People usually associate migraines with adults, and mostly adult women. While more women than men experience migraines (18 percent of women get migraines compared to 6 percent of men), it is less recognized that they also occur in children.

Approximately 1 in 20 children in the United States get migraines. The ratio of boys to girls is somewhat equal in children under the age of 10. But as they approach puberty, more girls are affected than boys.


What’s the difference between a migraine and headache?


A migraine is one of many types of headache. The general term “headache” refers to what medical providers call a “tension headache,” and is characterized by a dull pain on the front, top, or sides of the head. On the other hand, migraine headaches are characterized by throbbing pain on one side of the head and often with sensitivity to light, sounds, and smells. Migraines can also cause nausea and vomiting. The pain usually gets worse during exercise or any type of stress (physical activity will not affect normal headaches).

Migraines can last anywhere from 30 minutes to a few hours (in extreme cases, six or longer). 

University of Illinois-Chicago, College of MedicineAnswers represent the opinions of our medical experts. All content is strictly informational and should not be considered medical advice.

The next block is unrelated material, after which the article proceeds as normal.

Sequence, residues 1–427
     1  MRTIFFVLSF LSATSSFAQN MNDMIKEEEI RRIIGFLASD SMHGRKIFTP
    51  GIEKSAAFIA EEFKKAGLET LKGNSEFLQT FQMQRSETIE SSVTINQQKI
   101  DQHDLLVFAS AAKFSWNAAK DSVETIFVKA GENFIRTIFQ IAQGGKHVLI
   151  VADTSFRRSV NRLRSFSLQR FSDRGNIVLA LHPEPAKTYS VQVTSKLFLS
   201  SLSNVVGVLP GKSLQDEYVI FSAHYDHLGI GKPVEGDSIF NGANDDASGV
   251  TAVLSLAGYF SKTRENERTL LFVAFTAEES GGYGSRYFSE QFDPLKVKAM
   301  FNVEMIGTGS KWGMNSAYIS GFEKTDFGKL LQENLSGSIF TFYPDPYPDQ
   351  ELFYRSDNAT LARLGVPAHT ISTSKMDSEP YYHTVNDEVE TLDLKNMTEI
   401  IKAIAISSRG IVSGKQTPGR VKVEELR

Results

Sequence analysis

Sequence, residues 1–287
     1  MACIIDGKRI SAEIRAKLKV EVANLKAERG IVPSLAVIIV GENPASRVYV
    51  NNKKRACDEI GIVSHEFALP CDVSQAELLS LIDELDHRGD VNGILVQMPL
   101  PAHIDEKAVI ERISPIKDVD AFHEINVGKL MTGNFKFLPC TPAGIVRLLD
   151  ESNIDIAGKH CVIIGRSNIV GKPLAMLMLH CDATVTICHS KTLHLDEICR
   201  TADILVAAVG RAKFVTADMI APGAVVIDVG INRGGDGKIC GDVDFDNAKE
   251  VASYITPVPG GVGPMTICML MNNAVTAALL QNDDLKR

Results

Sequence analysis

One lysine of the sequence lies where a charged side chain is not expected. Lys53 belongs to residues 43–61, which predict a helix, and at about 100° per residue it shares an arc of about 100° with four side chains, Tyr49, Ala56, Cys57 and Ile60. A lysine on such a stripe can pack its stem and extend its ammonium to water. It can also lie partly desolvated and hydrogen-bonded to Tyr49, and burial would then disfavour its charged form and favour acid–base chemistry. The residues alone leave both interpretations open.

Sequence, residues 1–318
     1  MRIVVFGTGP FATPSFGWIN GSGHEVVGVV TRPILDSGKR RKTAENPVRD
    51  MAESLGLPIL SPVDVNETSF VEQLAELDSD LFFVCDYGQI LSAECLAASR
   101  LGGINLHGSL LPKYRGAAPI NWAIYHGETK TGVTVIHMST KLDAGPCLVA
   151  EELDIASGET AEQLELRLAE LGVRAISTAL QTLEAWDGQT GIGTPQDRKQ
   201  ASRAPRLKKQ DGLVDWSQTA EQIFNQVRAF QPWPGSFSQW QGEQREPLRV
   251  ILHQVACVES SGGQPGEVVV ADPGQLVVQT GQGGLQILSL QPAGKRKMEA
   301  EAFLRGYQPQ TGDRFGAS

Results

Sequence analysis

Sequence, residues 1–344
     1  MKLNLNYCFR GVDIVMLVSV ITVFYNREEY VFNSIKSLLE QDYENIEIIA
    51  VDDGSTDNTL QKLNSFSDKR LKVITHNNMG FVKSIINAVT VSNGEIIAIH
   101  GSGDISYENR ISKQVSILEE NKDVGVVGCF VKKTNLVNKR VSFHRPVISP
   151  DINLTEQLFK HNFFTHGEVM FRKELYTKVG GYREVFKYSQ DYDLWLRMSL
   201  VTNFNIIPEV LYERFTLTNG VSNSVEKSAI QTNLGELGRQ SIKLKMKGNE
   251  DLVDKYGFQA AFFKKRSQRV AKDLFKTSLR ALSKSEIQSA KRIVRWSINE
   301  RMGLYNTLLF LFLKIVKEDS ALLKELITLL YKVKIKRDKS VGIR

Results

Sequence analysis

What’s causing your child’s migraines?

The reason for migraines is not completely understood, but it’s most likely started by a constriction of blood vessels in the brain. This, in turn, triggers a pain-causing dilation of other blood vessels. This is a response to try to re-establish normal blood flow.

Here are a few of the things that can influence having a migraine headache.

1. Genetics

If either parent experiences migraines, their children have a higher risk.

2. Illness

An illness such as a cold or flu can be a physical stress to your child’s body, which may trigger a migraine headache. Make sure your child stays hydrated during times of illness, as dehydration may be a trigger.

3. Stress

Highly emotional situations at school or home can cause your child to experience headaches or migraines. If stress is a factor, talk to your child’s doctor about other possible symptoms of stress such as anxiety, depression, and withdrawal from usually enjoyable activities.

4. Trauma

If your child experiences trauma, particularly head trauma, this may induce a migraine headache, among other symptoms. If head trauma occurs, your child should seek medical attention to be examined and monitored.

5. Skipping meals or eating the wrong foods

Skipping meals can cause a drop in blood sugar, which for some people can trigger headaches or migraines.

Foods to avoid if your child is prone to migraines include:

  • hot dogs
  • cold cuts
  • pizza
  • cheese
  • sugar
  • fast food
  • smoked meats or cheeses
  • pickled or marinated foods
  • foods high in MSG or nitrates

6. Caffeine

Caffeine may give your child a headache. It’s found in some carbonated drinks, coffee, tea, and even a small amount in chocolate.

7. Sleep (too much or too little)

If your child seems to be experiencing recurrent migraines, make sure they get enough rest and eat well on a consistent schedule. Poor sleep habits may bring on migraines.

8. Hormones

After reaching puberty, girls are more affected than boys (three times as much), likely due to their hormones. Talk to your doctor if your daughter is experiencing more migraines during or before her period.